On David Milch.

David Milch in this summer’s journal

Probably the greatest fear that I have these days is what is happening to David Milch. Mark Singer recently did a profile for the New Yorker on the Deadwood creator. It moved me in profound ways. Especially the interview part where you can read the marked difference between Milch as his dementia progresses. 

What would it be like to be a writer when your words, your memories, your loves, fade from the view of your existence? I think that’s pretty close to many writers’ fears. To feel your brain failing you daily when you know you used to be better? That, eventually, happens to everyone. Everyone’s body too. I imagine suffering from Alzheimers and Dementia is to the writer what traumatic body damage is to the football player where your mind and your body are failing you and you’re not even forty. 

I know what this is like. I’m beginning to understand it and in the coming days I’ll be talking about it more because if there’s one thing that I want this website to be about is an extension of teaching, since I don’t teach anymore. It’s not really about criticism, commentary, or anger—though I’m becoming less afraid of calling a spade a spade. But this will be about education, and that’s why Milch is this summer’s guardian spirit: I want to learn and then teach what I’ve learned and this is where the blog will come in, but only for one week every season—for maximum impact and focus on what matters to me. One thing that I learned this spring is it takes me a while to actually learn things and it keeps building and building and building and I’m still learning.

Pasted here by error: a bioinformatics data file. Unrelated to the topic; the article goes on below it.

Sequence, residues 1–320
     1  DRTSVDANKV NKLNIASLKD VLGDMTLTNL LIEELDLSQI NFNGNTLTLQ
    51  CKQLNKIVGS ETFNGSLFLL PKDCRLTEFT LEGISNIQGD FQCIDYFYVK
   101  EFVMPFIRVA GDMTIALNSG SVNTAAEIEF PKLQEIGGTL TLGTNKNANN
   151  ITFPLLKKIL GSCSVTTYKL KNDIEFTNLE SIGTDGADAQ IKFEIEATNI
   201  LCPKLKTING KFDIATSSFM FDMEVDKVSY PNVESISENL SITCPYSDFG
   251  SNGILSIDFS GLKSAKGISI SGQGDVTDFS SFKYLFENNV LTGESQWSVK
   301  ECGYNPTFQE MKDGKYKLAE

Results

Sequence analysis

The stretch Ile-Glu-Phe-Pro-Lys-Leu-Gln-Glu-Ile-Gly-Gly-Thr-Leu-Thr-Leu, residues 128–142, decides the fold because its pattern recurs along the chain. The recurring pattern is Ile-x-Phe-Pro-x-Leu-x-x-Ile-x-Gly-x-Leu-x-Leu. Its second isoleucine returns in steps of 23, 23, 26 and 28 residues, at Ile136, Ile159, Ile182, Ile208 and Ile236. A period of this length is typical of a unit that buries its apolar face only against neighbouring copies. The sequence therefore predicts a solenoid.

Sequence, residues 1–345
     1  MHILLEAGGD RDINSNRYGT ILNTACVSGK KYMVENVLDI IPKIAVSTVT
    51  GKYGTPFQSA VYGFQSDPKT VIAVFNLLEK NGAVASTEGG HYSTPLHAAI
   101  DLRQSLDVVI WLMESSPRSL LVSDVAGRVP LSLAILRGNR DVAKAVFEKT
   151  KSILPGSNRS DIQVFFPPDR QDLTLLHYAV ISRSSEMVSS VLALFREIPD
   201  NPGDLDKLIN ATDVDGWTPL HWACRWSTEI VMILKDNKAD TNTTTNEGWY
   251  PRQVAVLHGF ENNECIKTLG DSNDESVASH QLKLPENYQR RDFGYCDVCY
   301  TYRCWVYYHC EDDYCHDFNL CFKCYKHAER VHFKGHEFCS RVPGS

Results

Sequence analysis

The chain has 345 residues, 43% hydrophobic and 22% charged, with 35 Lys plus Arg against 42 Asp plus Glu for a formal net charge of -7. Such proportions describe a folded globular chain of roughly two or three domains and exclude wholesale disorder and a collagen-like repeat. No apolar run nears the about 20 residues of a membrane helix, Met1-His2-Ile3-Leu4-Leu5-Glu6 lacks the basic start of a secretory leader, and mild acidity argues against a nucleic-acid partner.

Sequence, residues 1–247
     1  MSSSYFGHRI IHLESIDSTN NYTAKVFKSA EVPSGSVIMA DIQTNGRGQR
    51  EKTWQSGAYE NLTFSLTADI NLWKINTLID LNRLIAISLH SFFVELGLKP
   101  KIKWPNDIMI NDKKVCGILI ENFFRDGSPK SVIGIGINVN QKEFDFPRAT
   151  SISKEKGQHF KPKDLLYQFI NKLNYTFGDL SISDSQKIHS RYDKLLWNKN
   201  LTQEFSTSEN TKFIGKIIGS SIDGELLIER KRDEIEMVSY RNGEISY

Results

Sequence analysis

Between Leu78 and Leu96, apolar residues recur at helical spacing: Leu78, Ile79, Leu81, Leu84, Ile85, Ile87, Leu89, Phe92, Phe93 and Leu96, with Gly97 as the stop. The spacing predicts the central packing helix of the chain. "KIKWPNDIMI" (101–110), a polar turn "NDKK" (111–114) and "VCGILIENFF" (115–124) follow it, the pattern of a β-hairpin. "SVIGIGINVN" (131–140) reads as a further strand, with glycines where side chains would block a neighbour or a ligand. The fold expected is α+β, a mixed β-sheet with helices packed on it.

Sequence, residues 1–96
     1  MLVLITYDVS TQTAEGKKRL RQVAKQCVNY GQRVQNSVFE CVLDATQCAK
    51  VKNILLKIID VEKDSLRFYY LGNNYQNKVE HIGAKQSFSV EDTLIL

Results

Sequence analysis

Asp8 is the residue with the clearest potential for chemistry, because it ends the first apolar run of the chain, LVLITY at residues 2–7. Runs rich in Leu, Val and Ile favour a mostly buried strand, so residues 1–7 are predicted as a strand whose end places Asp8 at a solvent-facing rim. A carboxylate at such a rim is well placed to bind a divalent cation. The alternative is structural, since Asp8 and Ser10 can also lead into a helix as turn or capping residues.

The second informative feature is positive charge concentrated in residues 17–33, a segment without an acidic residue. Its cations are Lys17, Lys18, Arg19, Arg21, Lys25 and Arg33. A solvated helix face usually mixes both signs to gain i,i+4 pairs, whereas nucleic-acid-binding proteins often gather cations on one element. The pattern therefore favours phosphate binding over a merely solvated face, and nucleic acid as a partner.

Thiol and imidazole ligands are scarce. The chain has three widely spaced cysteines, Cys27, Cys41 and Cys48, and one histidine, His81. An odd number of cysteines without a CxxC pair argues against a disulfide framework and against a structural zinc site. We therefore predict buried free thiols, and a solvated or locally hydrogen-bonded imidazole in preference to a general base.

My dad said something very impactful a long time ago: “The day you stop learning is the day you start dying.” So I’m always trying to learn, and that’s why this Milch profile is important to me for this quote: 

He showed up every day. He believed and still believes that any time spent thinking about writing is wasted except when one is in a room writing. He quotes Billy Wilder [The Apartment]: ‘The muse has to know where to find you.’ He also became known for nurturing aspiring writers. Writing and teaching, Milch thought, should be a ‘a going out in spirit.’ 

So I’m going out in spirit with this blog for the opening of this season. 

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